Asha is 28, university educated and unmarried. For a Nepali girl she’s deviated far from the accepted path. Asha finished university with a degree in sociology and speaks fluent English. In discord with her parents, she refuses marriage proposals on a regular basis.
Asha works 12-14 hour days in the family business. Her brothers refuse to pay her. When they’re not looking, she takes her wages from the cash drawer. Every month she deposits the accumulated income in a secret savings account. It’s taken her 4 years to save US$1000.
I sit in a wicker chair, wrapped in a blanket with a cup of masala tea. Asha sits in the chair next to me. It’s late and most Nepalis are in for the night. Two boys play with sticks in the street, but Pokhara is quiet. One of the boys trips and tumbles into a bush. I laugh but I realize I’m the only one. I turn to Asha who looks overwhelmed with worry.
“Hey, ash, are you okay?”
She sighs deeply. “I don’t want this life,” she says.
“What do you mean?”
Latent panic enters her voice, “I don’t want my life to turn out like the rest of the girls here.”
I reassure her, “Don’t worry. It won’t.”
“Have I told you about my sister?”
“You have a sister?” I’ve been in Pokhara for a month. I’ve met all her family members and no one had mentioned a sister.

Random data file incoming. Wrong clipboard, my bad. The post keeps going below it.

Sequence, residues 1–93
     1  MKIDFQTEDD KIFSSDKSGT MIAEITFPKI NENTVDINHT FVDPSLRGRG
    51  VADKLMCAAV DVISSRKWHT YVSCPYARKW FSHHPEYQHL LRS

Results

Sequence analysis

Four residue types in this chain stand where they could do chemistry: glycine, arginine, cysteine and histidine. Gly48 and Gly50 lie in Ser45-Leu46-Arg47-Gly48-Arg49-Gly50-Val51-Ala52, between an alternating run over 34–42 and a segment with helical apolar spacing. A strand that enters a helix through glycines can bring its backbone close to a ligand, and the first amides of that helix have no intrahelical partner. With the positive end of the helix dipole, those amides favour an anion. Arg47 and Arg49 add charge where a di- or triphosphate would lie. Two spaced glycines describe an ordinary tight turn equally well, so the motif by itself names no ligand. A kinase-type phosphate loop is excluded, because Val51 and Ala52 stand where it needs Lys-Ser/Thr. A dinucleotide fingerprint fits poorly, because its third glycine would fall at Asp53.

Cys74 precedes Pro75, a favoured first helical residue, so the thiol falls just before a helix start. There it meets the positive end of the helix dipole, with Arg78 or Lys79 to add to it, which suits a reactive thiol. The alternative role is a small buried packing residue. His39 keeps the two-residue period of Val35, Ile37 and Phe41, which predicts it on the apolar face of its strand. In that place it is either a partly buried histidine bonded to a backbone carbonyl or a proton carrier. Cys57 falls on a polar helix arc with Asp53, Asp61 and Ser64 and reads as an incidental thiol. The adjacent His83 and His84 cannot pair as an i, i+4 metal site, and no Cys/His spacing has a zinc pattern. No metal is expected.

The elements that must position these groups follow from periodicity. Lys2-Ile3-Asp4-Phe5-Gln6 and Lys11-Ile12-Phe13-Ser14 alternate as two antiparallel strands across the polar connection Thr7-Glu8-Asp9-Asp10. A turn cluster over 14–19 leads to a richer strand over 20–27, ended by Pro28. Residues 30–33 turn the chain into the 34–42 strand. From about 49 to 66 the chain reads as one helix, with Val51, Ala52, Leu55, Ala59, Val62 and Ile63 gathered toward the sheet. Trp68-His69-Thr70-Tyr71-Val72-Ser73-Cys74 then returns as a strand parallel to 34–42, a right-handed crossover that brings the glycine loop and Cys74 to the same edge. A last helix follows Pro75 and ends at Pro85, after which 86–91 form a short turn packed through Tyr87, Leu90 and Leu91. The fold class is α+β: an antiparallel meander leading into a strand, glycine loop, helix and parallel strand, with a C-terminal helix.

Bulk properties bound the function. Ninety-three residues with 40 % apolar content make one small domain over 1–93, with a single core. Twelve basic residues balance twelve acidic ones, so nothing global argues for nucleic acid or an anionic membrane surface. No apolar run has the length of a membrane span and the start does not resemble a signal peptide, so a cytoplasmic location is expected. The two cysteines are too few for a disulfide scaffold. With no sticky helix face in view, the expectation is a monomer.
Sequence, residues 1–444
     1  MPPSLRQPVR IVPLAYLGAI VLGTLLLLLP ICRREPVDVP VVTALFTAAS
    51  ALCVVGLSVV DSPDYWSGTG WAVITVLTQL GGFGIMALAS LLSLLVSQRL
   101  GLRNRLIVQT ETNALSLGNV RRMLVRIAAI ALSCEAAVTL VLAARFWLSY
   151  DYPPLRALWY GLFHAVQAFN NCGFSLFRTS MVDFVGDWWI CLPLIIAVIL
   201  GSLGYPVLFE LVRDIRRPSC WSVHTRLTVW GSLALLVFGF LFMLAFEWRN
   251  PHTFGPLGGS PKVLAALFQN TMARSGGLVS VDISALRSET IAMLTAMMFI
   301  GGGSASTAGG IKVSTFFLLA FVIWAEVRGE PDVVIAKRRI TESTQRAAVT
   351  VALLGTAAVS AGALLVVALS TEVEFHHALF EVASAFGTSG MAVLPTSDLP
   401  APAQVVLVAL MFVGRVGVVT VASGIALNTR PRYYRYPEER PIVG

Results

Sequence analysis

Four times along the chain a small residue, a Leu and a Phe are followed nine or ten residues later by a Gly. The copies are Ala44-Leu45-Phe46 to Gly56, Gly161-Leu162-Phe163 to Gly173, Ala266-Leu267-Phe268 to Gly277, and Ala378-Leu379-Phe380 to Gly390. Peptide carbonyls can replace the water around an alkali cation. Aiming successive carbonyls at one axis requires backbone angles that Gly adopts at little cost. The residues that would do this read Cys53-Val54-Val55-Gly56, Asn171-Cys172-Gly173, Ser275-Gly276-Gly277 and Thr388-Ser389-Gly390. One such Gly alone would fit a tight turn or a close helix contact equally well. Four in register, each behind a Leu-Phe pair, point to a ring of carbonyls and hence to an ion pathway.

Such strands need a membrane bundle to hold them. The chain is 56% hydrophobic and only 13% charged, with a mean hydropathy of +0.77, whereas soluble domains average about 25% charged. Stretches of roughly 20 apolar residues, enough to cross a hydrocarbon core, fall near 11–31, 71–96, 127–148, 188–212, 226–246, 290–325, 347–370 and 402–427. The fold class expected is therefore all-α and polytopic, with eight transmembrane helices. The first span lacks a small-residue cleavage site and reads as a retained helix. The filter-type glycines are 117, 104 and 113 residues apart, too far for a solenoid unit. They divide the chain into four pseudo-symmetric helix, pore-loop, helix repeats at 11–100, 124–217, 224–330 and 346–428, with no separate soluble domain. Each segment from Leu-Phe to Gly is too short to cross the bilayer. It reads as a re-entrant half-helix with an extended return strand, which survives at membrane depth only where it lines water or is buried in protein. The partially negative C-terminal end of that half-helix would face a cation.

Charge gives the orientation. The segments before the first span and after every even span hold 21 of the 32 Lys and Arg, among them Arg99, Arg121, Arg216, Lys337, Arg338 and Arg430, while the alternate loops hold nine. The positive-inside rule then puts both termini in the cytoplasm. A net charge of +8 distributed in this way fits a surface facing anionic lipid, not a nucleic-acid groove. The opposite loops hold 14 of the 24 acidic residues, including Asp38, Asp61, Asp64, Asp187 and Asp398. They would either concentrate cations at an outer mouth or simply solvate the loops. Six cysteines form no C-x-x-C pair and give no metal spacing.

“Yeah, she died.” Her eyes swell with tears. “Svara. She was 3 years younger than me.”
‘Human trafficking’ is “the illegal trade in human beings for purposes of commercial sexual exploitation or forced labor.” My friend Katy calls it a “dinner party term.” She says “It reveals nothing about imprisonment, abuse, physical pain, slavery, withdrawal of basic human rights like freedom, destruction of trust and of a person’s identity.” I couldn’t agree more.
Katy modeling clothing for trafficking awareness.
I first heard about AFESIP while reading Somaly Mam’s The Road of Lost Innocence. Somaly’s memoir documents of her sexual enslavement and escape. I was so moved by her story and already interested in anti-sex trafficking efforts that I contacted AFESIP while planning my trip to Cambodia. This ultimately led me to Katy’s blog and her volunteer work.
In Cambodia, the sex industry thrives. It’s an issue you witness in the streets. A brothel is never more than a 5-minute walk away. And while it may look like the girls “consent,” the truth is most feel like they have no other option and no way out. The rescued girls who come to AFESIP suffer from abuses difficult to imagine. Many experience torture and addiction to drugs such as methamphetamines and heroine. (For more information on the sex industry in Cambodia visit my previous posts: The Issues, The Sex Industry of Cambodia, and Cambodia: Masculine Mentality, Sex Culture, and Gender Based Violence).
A photo taken by Katy demonstrating the self harm (cutting) many girls resort to, relieving the mental and physical pain of their daily lives.
So the question becomes: how do you combat an issue so broad and destructive? How do you access girls held hostage in this lifestyle? And if you can reach them and remove them from imprisonment, how do you attempt the recovery process? How do you rehabilitate a girl who’s grown up in an environment where she’s routinely raped, violently beaten, and force-fed drugs? Continue reading
Gender plays an important role in Cambodian social life. In Phnom Penh, clusters of men sit in restaurants and litter the street corners. I rarely see a group of girlfriends chatting around a table for lunch.